Comment On Notation  Although his final answer is correct, he has some incorrect notation during the course of his solution. Notice that he doesn't include his constant of integration until the very end. To make the entire solution precisely correct, he needs to include the constant of integration in the step right after he does the actual integration. This is required since he writes equal signs between his steps. (This would also be required if he implied each step is equal to the previous one.) So don't do this or you may lose points for your work. However, as usual, check with your instructor to see what they require.
video by Integrals ForYou 

video by PatrickJMT 

Final Answer
\(\displaystyle{ \int{ \frac{1}{\sin x} ~dx } }\) \( = \ln\abs{ \tan(x/2) } + C_1 \) \( = \ln\abs{ \csc x  \cot x } + C_2 \)
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\(\displaystyle{ \int{ \frac{\sin x}{1+\sin x} ~dx } }\)
Problem Statement 

Evaluate the integral \(\displaystyle{ \int{ \frac{\sin x}{1+\sin x} ~dx } }\). Give your answer in simplified, factored form.
Hint 

This problem requires weierstrass substitution and trig integration to solve.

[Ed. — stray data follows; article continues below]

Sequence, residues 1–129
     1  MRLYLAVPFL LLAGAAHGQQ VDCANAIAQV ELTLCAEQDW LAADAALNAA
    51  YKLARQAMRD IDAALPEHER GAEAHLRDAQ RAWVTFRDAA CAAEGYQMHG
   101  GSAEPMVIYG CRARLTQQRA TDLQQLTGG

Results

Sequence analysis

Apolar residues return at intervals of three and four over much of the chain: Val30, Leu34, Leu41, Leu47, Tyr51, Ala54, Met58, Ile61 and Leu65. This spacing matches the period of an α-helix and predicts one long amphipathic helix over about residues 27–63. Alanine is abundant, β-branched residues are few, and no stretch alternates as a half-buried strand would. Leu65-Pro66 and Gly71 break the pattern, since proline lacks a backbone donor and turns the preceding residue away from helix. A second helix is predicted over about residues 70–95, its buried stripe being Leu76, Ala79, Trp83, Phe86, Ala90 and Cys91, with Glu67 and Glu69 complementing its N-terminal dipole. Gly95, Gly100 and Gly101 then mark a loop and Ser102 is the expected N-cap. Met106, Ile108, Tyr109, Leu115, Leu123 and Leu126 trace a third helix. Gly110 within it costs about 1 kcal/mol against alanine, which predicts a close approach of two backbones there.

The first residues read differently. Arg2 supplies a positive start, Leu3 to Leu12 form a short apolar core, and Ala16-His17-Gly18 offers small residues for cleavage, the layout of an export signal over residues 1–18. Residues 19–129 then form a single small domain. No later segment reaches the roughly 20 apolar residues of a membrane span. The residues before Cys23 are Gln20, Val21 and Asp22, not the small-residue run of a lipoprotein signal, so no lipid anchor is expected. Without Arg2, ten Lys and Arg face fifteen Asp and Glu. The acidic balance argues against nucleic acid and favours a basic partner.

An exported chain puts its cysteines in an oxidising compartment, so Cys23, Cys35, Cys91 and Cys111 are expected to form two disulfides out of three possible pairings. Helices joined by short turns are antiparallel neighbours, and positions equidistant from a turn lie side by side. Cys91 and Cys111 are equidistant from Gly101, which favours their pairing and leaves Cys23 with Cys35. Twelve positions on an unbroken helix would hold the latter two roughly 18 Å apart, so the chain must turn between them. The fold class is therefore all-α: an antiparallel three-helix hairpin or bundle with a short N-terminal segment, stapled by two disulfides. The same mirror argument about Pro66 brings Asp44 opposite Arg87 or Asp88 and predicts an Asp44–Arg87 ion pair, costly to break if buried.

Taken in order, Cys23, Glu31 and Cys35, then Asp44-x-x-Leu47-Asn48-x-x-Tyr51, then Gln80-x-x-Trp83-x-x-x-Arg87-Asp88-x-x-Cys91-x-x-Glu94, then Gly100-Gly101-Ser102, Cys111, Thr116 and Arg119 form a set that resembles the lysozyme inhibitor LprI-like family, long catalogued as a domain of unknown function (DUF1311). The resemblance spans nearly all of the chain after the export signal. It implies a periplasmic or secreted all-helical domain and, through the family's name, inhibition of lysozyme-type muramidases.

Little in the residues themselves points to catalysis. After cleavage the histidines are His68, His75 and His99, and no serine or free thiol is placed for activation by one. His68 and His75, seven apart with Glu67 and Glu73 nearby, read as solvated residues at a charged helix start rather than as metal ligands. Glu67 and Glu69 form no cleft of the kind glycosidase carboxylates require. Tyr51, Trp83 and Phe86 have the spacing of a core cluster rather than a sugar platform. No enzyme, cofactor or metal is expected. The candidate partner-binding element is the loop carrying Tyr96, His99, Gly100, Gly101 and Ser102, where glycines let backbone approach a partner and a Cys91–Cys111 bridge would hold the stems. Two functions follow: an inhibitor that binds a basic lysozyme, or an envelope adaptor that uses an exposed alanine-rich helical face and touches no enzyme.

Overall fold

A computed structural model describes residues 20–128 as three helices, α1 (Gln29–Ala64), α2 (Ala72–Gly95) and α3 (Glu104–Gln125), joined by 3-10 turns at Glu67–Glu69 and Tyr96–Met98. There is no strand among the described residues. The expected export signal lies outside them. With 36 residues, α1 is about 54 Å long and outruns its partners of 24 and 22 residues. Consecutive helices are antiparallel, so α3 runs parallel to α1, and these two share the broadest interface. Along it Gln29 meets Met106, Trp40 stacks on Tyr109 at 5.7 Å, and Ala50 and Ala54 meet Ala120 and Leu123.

Problem Statement
Evaluate the integral \(\displaystyle{ \int{ \frac{\sin x}{1+\sin x} ~dx } }\). Give your answer in simplified, factored form.
Hint
This problem requires weierstrass substitution and trig integration to solve.
Solution
Comment On Notation  Although his final answer is correct, he has some incorrect notation during the course of his solution. Notice that he doesn't include his constant of integration until the very end. To make the entire solution precisely correct, he needs to include the constant of integration in the step right after he does the actual integration. This is required since he writes equal signs between his steps. (This would also be required if he implied each step is equal to the previous one.) So don't do this or you may lose points for your work. However, as usual, check with your instructor to see what they require.
video by Integrals ForYou 

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\(\displaystyle{ \int{ \frac{1}{\cos x} ~dx } }\)
Problem Statement 

Evaluate the integral \(\displaystyle{ \int{ \frac{1}{\cos x} ~dx } }\). Give your answer in simplified, factored form.
Hint 

This problem requires substitution and trig integration to solve. This looks like it should be easy but it isn't. There are at least three different ways to evaluate the integral, none of which may be obvious.
1. The weierstrass substitution \(t=\tan(x/2)\)
2. start with \(\int{ \sec x ~dx}\) and let \(u=\sec x + \tan x \) after multiplying by \(u/u\)
3. substitution \(u=1/\cos x + \tan x\) after multiplying the integrand by \(u/u\)
Problem Statement
Evaluate the integral \(\displaystyle{ \int{ \frac{1}{\cos x} ~dx } }\). Give your answer in simplified, factored form.
Hint
This problem requires substitution and trig integration to solve. This looks like it should be easy but it isn't. There are at least three different ways to evaluate the integral, none of which may be obvious.